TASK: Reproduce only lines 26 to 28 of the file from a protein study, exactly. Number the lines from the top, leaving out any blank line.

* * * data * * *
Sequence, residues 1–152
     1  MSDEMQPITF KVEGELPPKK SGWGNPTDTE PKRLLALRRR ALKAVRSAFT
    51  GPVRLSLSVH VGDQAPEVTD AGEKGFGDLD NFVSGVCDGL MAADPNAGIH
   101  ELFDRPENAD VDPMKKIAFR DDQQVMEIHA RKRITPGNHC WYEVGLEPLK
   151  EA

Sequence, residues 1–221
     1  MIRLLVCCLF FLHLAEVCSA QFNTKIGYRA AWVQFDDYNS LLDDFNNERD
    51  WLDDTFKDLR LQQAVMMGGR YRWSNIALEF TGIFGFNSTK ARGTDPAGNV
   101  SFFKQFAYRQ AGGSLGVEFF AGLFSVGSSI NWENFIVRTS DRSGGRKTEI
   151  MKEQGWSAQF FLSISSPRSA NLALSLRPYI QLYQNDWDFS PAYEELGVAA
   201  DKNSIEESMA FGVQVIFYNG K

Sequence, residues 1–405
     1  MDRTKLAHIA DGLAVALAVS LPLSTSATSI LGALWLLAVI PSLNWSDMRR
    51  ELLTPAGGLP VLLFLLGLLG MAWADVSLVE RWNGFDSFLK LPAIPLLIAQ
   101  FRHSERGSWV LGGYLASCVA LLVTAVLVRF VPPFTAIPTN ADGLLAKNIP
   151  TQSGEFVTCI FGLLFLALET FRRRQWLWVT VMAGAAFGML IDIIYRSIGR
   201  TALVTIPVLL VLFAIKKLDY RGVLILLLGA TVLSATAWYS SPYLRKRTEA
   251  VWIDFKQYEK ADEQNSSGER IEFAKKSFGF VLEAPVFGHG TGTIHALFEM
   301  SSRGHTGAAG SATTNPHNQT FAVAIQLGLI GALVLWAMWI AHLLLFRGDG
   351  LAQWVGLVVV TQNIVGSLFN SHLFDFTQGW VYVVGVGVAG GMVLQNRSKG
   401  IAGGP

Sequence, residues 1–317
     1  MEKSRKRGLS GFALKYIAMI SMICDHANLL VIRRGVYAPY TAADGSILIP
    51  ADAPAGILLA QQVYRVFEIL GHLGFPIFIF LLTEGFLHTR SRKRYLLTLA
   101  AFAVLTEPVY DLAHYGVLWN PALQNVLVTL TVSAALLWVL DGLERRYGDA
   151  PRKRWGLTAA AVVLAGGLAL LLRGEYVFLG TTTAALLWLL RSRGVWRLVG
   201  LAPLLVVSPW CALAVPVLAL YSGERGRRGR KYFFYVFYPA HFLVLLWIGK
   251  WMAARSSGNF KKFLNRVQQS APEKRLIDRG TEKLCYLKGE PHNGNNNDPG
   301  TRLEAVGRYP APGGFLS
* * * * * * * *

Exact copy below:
   151  PRKRWGLTAA AVVLAGGLAL LLRGEYVFLG TTTAALLWLL RSRGVWRLVG
   201  LAPLLVVSPW CALAVPVLAL YSGERGRRGR KYFFYVFYPA HFLVLLWIGK
   251  WMAARSSGNF KKFLNRVQQS APEKRLIDRG TEKLCYLKGE PHNGNNNDPG